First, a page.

Pretense by John Di Frances is a gripping thriller set on the backdrop of our current political turmoil. This first book of the Imbroglio Trilogy prepares the stage for the reader by offering generous descriptions on multiple levels from a rather personal presentation of the main characters to a peek into international relations and affairs. However, this does not imply the least bit that the novel is dominated by descriptions, since in reality, it is quite action-packed. So, the reader is offered a front row seat by the author to a series of assassinations and also an international manhunt.
The story is presented on two main fronts; on one side we have a group of assassins, while on the other, an international team of special investigators. In this sense, the reader is truly privileged, since he can glimpse into both sides. It all starts in Bratislava with an apparently lazy day of a glamorous American couple. However, a drastic turn of events soon takes place. The Slovakian Prime Minister dies in a car explosion and he is only the first victim. Shortly after, the Prime Minister of Poland is assassinated while watching a game in a crowded football stadium. While the modus operandi differs greatly, the setting and also the method to murder are all very different. Still there seems to be a common thread connecting these incidents.
A specialized task force is soon put together consisting of members from different countries and covering a great variety of expertise. Also, since the assassins seem to be traveling a lot, they are forced to cooperate with a number of other national security organizations or police departments. In fact, as it will turn out, the case expands well beyond European borders. While the main investigation team proves itself efficient in finding clues that lead back to those they hunt, the catch itself proves to be quite a challenge, as the assassins continue to slip through their fingers.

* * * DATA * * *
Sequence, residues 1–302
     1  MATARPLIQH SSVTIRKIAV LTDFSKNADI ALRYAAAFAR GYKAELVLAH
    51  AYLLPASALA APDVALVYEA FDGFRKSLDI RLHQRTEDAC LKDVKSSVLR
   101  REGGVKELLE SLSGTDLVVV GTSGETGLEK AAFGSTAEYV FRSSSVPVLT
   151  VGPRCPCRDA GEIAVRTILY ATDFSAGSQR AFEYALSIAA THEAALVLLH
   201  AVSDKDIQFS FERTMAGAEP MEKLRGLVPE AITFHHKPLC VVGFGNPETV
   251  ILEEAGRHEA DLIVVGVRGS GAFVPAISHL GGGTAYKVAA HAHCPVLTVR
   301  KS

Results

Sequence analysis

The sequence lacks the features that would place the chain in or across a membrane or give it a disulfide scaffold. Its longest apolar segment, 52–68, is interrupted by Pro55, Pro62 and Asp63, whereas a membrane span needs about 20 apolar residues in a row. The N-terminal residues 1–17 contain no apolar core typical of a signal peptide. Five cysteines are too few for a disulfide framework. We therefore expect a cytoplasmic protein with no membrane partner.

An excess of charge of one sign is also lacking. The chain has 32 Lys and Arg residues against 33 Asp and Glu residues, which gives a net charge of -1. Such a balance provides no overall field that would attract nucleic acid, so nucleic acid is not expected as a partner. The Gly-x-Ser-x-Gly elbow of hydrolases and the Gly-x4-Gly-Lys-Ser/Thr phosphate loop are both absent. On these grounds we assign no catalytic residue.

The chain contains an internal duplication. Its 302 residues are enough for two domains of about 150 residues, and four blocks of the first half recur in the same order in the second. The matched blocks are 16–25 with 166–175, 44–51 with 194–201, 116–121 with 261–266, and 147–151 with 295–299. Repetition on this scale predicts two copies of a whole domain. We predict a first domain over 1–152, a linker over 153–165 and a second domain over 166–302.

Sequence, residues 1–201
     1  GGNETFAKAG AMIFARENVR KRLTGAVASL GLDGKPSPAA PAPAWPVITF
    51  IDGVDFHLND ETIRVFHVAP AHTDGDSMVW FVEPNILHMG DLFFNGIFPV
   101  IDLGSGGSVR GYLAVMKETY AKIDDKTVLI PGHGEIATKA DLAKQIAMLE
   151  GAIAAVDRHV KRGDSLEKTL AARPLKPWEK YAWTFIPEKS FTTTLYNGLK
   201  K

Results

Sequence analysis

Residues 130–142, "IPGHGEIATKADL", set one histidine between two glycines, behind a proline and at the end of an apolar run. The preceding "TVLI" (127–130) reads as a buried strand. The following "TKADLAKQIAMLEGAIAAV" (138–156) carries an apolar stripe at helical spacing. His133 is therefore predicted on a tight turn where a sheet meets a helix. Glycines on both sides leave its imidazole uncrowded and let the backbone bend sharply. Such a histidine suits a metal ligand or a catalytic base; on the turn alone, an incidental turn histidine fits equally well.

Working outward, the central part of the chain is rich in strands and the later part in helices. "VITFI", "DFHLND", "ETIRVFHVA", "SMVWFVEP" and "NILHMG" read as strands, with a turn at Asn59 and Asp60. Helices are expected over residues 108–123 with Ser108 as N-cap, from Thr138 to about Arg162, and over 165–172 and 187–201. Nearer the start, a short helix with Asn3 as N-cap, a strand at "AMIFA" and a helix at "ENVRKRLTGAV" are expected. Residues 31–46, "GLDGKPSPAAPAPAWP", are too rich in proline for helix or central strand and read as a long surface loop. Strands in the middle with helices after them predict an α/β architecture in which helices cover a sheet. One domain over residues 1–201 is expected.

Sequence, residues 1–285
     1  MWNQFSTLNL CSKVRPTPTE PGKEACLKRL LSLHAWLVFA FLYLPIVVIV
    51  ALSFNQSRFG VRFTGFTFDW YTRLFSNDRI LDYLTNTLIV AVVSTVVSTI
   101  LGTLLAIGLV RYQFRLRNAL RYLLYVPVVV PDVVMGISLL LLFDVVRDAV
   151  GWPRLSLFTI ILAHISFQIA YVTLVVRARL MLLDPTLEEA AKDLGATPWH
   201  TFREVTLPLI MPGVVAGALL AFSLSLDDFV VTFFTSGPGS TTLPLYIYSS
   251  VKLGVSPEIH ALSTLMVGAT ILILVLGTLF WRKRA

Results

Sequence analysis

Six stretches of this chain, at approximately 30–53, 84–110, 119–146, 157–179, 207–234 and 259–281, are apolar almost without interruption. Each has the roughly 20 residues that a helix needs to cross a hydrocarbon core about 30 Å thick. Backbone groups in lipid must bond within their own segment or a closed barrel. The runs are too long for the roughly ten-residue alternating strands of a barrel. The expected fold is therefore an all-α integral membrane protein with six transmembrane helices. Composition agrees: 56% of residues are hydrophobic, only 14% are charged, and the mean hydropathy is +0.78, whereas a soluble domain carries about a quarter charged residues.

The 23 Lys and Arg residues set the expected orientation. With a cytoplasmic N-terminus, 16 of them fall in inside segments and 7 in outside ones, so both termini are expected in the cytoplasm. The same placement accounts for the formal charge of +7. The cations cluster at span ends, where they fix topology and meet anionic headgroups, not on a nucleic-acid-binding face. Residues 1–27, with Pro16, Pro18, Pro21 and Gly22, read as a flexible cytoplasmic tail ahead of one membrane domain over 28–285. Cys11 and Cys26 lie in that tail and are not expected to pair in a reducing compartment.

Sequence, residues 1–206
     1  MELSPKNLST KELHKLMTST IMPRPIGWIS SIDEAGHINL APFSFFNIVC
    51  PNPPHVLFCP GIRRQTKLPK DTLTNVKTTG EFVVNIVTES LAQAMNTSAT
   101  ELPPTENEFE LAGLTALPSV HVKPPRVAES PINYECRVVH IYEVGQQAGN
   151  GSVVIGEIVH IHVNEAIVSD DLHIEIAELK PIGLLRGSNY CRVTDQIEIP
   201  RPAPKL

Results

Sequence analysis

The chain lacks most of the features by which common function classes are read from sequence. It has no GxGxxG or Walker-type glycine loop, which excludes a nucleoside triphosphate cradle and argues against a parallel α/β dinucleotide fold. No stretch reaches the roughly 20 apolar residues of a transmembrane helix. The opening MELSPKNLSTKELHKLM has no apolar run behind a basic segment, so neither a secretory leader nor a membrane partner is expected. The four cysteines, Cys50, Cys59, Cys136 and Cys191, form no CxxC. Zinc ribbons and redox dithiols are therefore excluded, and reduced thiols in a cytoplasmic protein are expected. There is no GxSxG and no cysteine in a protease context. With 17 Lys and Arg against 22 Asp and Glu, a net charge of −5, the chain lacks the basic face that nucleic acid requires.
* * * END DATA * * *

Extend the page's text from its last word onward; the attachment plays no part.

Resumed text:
What is noteworthy in John Di Frances’ approach is that although it should be clear according to moral standards which group of people represents the good, and which the evil, the lines appear to be blurred. Readers can easily find themselves intrigued, if not even rooting for the assassins, as they are presented with their backstories, weaknesses, dreams and aspirations. While they are professionals in their trait and undoubtedly have become cold-blooded killers, they also share moments of vulnerability. On the other hand, the members of the investigation team are also quite likeable, as they are more than just bureaucrats. Rather unexpectedly perhaps, their playfulness and humor easily wins over anyone. It is not a typical modern fight between good and evil, but between and for humanity.
Therefore, John Di Frances’ orchestrates a thrilling international chase making Pretense an easy to read, fast-paced novel. However, the book can also serve as a surface of reflection for modern and indeed, future, political affairs. So, beyond being simply an enjoyable read, it might hopefully entice the readers to a political debate of the current chapter in our lives.